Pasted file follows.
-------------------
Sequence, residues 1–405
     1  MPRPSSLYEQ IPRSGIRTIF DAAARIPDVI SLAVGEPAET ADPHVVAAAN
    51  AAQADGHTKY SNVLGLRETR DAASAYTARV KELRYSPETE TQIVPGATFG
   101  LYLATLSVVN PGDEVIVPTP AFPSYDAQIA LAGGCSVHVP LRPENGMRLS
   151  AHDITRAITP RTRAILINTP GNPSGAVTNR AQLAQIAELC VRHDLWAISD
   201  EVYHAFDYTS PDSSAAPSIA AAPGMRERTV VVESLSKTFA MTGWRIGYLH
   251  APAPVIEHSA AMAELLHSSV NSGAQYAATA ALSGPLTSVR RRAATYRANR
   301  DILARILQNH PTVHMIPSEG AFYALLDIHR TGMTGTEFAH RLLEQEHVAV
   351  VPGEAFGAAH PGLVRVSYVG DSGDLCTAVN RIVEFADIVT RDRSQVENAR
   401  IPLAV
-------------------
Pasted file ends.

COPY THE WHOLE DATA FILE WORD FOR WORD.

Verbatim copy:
Sequence, residues 1–405
     1  MPRPSSLYEQ IPRSGIRTIF DAAARIPDVI SLAVGEPAET ADPHVVAAAN
    51  AAQADGHTKY SNVLGLRETR DAASAYTARV KELRYSPETE TQIVPGATFG
   101  LYLATLSVVN PGDEVIVPTP AFPSYDAQIA LAGGCSVHVP LRPENGMRLS
   151  AHDITRAITP RTRAILINTP GNPSGAVTNR AQLAQIAELC VRHDLWAISD
   201  EVYHAFDYTS PDSSAAPSIA AAPGMRERTV VVESLSKTFA MTGWRIGYLH
   251  APAPVIEHSA AMAELLHSSV NSGAQYAATA ALSGPLTSVR RRAATYRANR
   301  DILARILQNH PTVHMIPSEG AFYALLDIHR TGMTGTEFAH RLLEQEHVAV
   351  VPGEAFGAAH PGLVRVSYVG DSGDLCTAVN RIVEFADIVT RDRSQVENAR
   401  IPLAV